Anatase TiO2 nanotubes as Li-ion battery anodes: A molecular dynamics study of Li-ion adsorption on anatase nanotubes
I Zeydabadi-Nejad and N Zolfaghari and MM Mashhadi and M Baghani and M Baniassadi, SUSTAINABLE ENERGY TECHNOLOGIES AND ASSESSMENTS, 47, 101438 (2021).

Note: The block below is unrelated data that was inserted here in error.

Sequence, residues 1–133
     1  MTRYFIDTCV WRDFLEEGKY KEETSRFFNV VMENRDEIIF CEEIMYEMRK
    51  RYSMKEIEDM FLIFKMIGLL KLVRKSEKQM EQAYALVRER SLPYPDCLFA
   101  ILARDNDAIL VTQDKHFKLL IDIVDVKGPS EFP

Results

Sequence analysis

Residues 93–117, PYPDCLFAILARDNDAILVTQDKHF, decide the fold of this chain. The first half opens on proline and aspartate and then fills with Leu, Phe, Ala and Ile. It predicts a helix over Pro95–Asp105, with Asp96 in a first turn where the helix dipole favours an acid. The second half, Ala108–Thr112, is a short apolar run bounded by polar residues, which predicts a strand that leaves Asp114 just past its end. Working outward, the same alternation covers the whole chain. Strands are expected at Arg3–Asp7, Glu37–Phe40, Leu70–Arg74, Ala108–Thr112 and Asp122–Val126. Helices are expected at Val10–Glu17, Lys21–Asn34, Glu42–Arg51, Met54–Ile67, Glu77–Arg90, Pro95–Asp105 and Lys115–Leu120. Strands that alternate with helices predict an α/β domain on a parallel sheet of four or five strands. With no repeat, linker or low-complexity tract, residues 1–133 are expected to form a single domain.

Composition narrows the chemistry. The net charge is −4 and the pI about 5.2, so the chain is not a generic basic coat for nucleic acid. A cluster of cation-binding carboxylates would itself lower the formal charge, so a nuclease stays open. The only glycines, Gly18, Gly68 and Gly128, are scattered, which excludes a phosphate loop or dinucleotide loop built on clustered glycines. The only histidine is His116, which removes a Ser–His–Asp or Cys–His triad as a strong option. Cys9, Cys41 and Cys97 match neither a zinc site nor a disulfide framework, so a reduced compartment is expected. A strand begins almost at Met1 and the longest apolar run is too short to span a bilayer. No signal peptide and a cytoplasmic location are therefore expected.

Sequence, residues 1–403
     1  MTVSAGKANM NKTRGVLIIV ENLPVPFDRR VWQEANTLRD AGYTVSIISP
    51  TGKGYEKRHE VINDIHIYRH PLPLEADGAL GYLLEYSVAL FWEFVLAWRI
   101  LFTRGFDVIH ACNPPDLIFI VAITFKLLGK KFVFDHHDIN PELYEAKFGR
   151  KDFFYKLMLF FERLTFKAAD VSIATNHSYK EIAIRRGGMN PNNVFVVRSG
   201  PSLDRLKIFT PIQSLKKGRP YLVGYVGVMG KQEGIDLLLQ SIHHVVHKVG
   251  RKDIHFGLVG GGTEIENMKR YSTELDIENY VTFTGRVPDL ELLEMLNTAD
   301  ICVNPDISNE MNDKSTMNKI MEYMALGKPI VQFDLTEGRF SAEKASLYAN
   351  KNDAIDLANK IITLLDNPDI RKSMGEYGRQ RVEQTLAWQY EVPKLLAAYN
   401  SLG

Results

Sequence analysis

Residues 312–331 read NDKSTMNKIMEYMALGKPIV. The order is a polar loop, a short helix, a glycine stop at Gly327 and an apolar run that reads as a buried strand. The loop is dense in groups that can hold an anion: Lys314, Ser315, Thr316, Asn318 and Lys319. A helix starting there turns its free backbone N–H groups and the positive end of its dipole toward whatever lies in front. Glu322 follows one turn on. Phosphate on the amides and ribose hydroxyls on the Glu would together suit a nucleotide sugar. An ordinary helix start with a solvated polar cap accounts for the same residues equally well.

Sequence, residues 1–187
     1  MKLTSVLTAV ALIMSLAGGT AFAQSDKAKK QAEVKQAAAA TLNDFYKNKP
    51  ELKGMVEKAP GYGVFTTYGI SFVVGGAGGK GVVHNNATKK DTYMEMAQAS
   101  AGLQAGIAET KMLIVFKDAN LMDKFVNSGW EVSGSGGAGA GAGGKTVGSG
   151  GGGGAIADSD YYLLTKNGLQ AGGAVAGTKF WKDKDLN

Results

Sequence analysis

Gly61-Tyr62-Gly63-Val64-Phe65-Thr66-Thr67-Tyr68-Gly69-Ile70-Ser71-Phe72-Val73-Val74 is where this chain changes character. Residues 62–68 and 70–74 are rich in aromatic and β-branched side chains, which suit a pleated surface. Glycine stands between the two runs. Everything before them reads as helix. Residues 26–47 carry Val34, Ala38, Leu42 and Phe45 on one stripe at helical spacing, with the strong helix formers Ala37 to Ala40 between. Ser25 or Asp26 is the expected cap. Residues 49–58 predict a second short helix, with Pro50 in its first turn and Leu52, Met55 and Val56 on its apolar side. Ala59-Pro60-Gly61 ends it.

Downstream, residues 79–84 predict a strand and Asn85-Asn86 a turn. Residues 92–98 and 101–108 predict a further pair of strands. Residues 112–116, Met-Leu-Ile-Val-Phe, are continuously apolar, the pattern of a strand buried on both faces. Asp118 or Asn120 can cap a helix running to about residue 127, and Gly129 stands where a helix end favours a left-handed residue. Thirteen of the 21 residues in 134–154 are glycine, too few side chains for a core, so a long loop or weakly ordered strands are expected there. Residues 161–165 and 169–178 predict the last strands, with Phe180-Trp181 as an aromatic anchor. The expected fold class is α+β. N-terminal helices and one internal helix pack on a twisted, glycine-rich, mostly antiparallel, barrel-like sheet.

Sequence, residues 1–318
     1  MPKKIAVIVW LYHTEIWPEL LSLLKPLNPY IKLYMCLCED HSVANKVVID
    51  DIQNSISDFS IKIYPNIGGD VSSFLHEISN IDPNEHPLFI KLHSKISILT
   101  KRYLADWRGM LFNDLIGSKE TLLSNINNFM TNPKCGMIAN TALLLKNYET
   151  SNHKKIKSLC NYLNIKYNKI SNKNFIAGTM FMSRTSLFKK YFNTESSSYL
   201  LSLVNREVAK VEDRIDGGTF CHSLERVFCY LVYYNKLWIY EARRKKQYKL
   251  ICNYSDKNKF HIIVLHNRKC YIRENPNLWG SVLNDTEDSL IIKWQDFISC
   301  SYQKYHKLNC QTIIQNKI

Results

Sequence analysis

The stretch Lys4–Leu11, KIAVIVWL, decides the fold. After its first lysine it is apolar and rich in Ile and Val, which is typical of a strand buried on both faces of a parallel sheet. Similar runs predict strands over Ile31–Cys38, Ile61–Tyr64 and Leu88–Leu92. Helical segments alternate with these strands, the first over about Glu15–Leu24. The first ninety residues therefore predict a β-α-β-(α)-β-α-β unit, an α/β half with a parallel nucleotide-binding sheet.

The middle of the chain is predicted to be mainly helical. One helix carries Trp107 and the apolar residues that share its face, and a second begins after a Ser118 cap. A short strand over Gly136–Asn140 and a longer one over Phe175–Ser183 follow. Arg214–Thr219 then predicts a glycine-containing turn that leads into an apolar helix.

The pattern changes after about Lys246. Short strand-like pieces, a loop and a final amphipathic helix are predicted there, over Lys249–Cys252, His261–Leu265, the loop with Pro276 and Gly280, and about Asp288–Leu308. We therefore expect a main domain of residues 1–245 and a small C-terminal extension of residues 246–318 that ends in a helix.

Lithium ion batteries are widely used in many electronic devices to store energy and release it when needed. Higher storage capacities and higher charge/discharge rates necessitates use of advanced materials. One way of increasing this rate is surface storage rather than bulk storage of Li-ions. This is facilitated by nanosizing the electrodes. One of the potential candidates for this task as the Li-ion battery anode is TiO2 nanotubes. In this research we studied the adsorption of Li-ions on anatase nanotubes using molecular dynamics simulations. Li- ions are dispersed in a simulation box around a TiO2 nanotube and due to the non-bonding interactions, they adsorb on the nanotubes. Our results showed that the volume change of the nanotubes due to this adsorption is negligible which enhances the cycle life of these anodes. And with increasing the temperature to 1000 K, the number of adsorbed ions increases and remains close to the maximum, but With further increase in temperature, the number of adsorbed ions decreases over time. We have also confirmed that the Li-ions adsorb in tetrahedral sites of anatase and molecular dynamics simulations in the range of nanoseconds cannot capture the hopping of these ions within the tetrahedral sites. In addition, using the adsorption isotherms we showed that when the surface coverage is small the adsorptions obey a Langmuir-type isotherm.
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